Boundary Waters Canoe Area Wilderness
Paddle for days, weeks, even months
More than 1,000 lakes—ranging from 10 to 10,000 acres each—are scattered throughout the piney woods along the Minnesota/Ontario border. On the Minnesota side lie one million protected acres of land known as the Boundary Waters Canoe Area Wilderness, the largest U.S. wilderness preserve east of the Rockies. Ontario’s Quetico Provincial Park encompasses another contiguous 1.2 million acres. It’s an almost incomprehensibly vast lake country wilderness, with more than 1,200 miles of mapped canoe routes and not a single road. Free of cars, largely free of motorboats—even mostly free of planes in the airspace above—the BWCAW is truly a place that feels untouched by time.
For canoers, the Boundary Waters are an irresistible draw. You can paddle and portage (carry the canoe overland to the next lake) for days, weeks, even months, camping on the shores of a different lake every night, pulling fresh walleye or northern pike from its crystal clear waters for dinner. (The region’s embarrassment of fish also includes smallmouth bass and lake trout.) The labyrinth of waterways was long used by the Ojibwa, then later by the French, Dutch and British fur traders of the 17th century.
Paddlers and anglers make the Boundary Waters the most heavily used wilderness area in the nation. Nevertheless, a strict permit system and the vastness of the area quickly disperses the humanity that sometimes bottlenecks at the designated entry points; once you dissolve into the wilderness, you’ll more likely be among moose, loons—and the occasional wolf—than humans.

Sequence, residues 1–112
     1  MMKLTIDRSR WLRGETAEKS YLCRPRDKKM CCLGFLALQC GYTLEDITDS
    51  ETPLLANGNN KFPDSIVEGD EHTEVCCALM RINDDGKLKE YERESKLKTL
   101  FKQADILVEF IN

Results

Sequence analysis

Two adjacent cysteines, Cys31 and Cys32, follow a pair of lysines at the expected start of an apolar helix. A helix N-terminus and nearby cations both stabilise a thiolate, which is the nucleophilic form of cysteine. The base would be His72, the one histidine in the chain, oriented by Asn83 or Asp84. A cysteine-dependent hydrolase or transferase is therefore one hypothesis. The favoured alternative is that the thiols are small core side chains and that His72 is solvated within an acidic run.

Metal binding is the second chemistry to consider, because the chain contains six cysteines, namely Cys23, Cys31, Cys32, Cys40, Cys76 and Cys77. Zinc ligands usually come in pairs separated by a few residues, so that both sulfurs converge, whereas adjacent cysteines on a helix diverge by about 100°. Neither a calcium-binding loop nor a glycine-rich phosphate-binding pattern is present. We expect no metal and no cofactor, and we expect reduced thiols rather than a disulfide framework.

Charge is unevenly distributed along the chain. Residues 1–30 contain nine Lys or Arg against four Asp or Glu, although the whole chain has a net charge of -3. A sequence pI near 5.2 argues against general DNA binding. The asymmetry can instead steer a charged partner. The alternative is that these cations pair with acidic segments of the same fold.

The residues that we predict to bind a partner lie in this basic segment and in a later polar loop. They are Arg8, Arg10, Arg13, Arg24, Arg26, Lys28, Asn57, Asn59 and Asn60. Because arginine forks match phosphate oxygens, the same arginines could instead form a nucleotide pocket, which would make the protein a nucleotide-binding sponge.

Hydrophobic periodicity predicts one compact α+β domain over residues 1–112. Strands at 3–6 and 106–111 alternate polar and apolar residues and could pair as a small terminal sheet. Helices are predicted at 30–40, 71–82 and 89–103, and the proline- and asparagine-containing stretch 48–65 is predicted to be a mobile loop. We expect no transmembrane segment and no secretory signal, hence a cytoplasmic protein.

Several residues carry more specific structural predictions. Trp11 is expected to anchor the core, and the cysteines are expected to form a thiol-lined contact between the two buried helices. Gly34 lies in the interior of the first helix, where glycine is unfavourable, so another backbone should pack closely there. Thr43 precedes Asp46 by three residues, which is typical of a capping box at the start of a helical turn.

The wilds of northern Minnesota are the only place in the contiguous U.S. where the eastern timber wolf was not exterminated in the 1930s; today, more than 2,000 wolves still roam the woods here. Learn more at the International Wolf Center in Ely (pronounced EE-lee), filled with exhibits about wolf behaviour and a variety of naturalist-run programmes. Its highlight is the ‘ambassador pack’ of four wolves (all born in captivity) that live in a 1.25-acre enclosure next to the centre and can often be seen from large viewing windows.
Ely (population 4,000) is home base for companies ready to provide anything from basic gear rental to fully equipped week-long canoeing excursions into the backcountry. Come winter, Ely becomes dogsledding central. At Wintergreen Lodge, renowned polar explorer Paul Schurke offers lodge-to-lodge or camping dogsled trips across frozen Boundary Waters lakes and woods.
After several nights in the backcountry, treat yourself to a stay at the Burntside Lodge. Handsome log cabins, solidly built by expert local craftsmen, nestle in the woods at this early 20th-century lakefront resort. The Burntside is especially sought out for its excellent kitchen and wine list, an unexpected delight in this remote outpost.
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Trip idea text ©Patricia Schultz. For contact information about the places mentioned and many more USA trip ideas, see Patricia Schultz's blockbuster book.